Eye and Pen allows to replay the data previously recorded like if it was done with a tape recorder. So, one may have the “movie” played forward or backward. But it is also possible to apply filters to go “trough” the data based on criteria, for example to jump from pause to pause…
The video below shows the simple play (forward) of a simultaneous record of pen and eye mouvements. Location of the eye’s “line of sight” is marked with a cross shaped icon, wheras pen location is symbolized with… a pencil icon. When the pen left the tablet (“up” pause), a strait line joins this point to the place where the pen will be in touch with the tablet again. As an help, the final product is drawn in blue as a watermark. Then we can see what will be written.
In the second half of the video, you’ll a parallel processing sequence: the subjects continues to write while his eyes jump back to the prime text.
In a first step, one may display the final product (text):
Eye and Pen can display a “static”preview of a protocol, i.e. to display a representation of all the events of a certain type on the production. In the following example, events writing pauses are represented.
A writing pause duration can be displayed as a circle whose diameter width is in relationship with the pause duration: the longer the pause is, the larger the diameter will be. The circle is centered at the very location where the pen stopped or leaved the paper.
The next example is taken from the same experiment. Only pauses with a duration longer than 50 milliseconds are considered.
Eye movements display
What you’ll see here is a static representation of eye mouvements recorded while writing with an eyetracker. The repesentation show below is a temperature map where the red areas are locations where the subject’s eyes stayed the most.
A first hands-on
A guided tour of Eye and pen in video – 12 min.
Using a background picture and keyboard to ease analysis in Eye and Pen. [ 3 min. ]
What are sequences, what are they good for, how does it work ? [ 7 min. ]
Using templates for sequences descriptions. [ 4 min. ]
Words separation is a convenient semi-automated tool to locate words boundaries (based on pauses, time and distances). From there, you can generate sequences, Areas of Interest and data coding. [ 8 min. ]
Simple case words separation and later data extraction can be performed with keyboard shortcut, paving the way for automation with EPKeys. [ 4 min. ]
Eye and Pen works with a single protocol (file) at a time. To save time, one shoud industrialize actions as much as possible, i.e. try to find which actions can be automatically repeated on a bunch of files.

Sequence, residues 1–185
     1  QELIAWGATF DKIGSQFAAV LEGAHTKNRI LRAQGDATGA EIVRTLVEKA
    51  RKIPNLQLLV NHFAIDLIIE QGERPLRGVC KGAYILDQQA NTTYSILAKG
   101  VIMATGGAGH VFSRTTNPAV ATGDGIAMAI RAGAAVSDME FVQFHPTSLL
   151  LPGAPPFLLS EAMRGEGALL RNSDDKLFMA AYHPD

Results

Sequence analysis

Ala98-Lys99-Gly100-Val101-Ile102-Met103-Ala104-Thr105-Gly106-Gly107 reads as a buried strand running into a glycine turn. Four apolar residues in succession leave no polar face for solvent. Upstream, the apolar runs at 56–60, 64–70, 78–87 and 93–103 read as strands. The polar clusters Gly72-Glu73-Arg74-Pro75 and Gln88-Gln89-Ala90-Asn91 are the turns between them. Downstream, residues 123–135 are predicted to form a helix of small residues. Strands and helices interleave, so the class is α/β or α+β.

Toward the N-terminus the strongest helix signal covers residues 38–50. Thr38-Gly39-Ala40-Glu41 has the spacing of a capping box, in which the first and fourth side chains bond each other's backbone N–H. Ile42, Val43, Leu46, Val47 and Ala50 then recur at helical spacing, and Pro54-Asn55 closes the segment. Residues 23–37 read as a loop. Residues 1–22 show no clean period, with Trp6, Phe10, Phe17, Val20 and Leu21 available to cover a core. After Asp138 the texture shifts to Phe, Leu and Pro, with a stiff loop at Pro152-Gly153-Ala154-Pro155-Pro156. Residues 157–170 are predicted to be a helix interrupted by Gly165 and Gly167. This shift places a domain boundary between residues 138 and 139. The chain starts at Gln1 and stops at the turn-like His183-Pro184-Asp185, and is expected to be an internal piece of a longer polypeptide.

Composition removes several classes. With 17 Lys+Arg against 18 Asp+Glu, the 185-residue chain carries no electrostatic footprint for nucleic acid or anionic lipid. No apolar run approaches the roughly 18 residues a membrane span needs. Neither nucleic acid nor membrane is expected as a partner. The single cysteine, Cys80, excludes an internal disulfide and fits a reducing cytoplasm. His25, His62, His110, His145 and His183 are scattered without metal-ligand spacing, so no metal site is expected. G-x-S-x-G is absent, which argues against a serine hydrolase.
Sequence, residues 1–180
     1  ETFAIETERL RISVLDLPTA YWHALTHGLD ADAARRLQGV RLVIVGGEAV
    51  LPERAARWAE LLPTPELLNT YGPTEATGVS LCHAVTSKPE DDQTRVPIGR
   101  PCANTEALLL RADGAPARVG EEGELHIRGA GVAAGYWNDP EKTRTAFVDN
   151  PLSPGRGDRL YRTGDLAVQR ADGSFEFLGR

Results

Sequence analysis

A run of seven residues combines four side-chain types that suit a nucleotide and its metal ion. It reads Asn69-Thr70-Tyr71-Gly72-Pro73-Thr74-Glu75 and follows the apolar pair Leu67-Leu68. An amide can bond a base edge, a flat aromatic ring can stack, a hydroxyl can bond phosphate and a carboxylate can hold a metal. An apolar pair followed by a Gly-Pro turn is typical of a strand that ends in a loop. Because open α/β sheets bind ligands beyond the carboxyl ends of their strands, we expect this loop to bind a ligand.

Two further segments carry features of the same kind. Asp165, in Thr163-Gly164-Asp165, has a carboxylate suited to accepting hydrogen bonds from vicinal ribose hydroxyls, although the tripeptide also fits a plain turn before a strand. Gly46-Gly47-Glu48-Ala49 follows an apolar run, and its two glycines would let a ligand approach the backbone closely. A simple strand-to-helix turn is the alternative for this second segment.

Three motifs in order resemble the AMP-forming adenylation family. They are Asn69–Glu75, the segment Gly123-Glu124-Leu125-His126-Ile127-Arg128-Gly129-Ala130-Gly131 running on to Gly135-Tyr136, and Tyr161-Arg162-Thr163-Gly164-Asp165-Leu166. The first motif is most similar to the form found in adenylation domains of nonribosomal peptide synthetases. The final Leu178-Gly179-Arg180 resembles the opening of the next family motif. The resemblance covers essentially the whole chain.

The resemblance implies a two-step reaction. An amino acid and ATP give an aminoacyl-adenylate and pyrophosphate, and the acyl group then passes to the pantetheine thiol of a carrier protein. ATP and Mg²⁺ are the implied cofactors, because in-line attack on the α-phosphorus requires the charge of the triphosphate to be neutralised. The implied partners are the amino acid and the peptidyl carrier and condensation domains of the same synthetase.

Let’s take a simple example. 2 groups of 25 participants wrote two texts each. Then, we have got 100 protocols (files) to process.
If we wish to export the pauses data of theses productions (for analyse into a statistical analyses software or a spreadsheet), this means repeating a 100 times the same operation “open a file”, select menu Extractions, sub-menu Pauses, then give a file name, click on Save.
This is time and energy that can be better used, for other tasks for example.
What if someone else can do it for you ?
This is the point where EPKeys comes in.
EPKeys is a kind of robot that “blindly” repeats an action. You tell it what to do (what keyboard key presses it has to produce) and on which folder’s content.
EPKeys can repeat almost any keypress you can do in Eye and Pen. Thus, you may use it to repeat actions other than data extractions, such as filtering, fixations building, words separation, etc.
To industrialize data extractions, depending on what will be done next, there is two ways: either extract the data of each protocol into a separate file, or extract all data into a single file (see Extractions/Preferences/General to allow adding into an existing file).
If willing to directly build a single data matrix, then the better way is to extract all into a single file, and that’s it.
But, on the other hand, if you need to retrieve specific data from results, it may be more handy to create a result file for each protocol, then retrieve these specific data with MakeGroup, to produce a single matrix. This may avoid to have to write macro in a spreadsheet or so.
Let’s take an example.
A task was to write two words, amongst which, only the second is of interest. Specifically, we’re intrested in the trade-off between tracing time and pausing time within this word. Words have been written into “slots”, thus are physically well separated.
The most time saving method is then to use EPKEYS to automatically “separate words”, next extract “tracing dynamics” data, one result file per protocol.
Finally, using MakeGroupe, row and columns of interest can be automatically picked-up in each file to create new single result file containing a ready-to-be-analysed matrix.